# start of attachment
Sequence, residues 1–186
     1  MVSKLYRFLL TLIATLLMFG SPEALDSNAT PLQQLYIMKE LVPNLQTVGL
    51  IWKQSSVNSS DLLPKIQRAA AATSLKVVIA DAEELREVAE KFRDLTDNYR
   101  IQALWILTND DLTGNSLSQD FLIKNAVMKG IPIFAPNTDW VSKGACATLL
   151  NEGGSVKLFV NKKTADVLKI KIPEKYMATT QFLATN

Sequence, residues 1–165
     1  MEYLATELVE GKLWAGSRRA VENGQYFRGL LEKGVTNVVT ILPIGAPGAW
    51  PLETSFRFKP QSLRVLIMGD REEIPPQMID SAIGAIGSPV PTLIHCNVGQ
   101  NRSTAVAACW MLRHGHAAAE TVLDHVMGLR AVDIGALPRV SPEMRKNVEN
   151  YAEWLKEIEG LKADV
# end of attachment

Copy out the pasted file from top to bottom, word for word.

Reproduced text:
Sequence, residues 1–186
     1  MVSKLYRFLL TLIATLLMFG SPEALDSNAT PLQQLYIMKE LVPNLQTVGL
    51  IWKQSSVNSS DLLPKIQRAA AATSLKVVIA DAEELREVAE KFRDLTDNYR
   101  IQALWILTND DLTGNSLSQD FLIKNAVMKG IPIFAPNTDW VSKGACATLL
   151  NEGGSVKLFV NKKTADVLKI KIPEKYMATT QFLATN

Sequence, residues 1–165
     1  MEYLATELVE GKLWAGSRRA VENGQYFRGL LEKGVTNVVT ILPIGAPGAW
    51  PLETSFRFKP QSLRVLIMGD REEIPPQMID SAIGAIGSPV PTLIHCNVGQ
   101  NRSTAVAACW MLRHGHAAAE TVLDHVMGLR AVDIGALPRV SPEMRKNVEN
   151  YAEWLKEIEG LKADV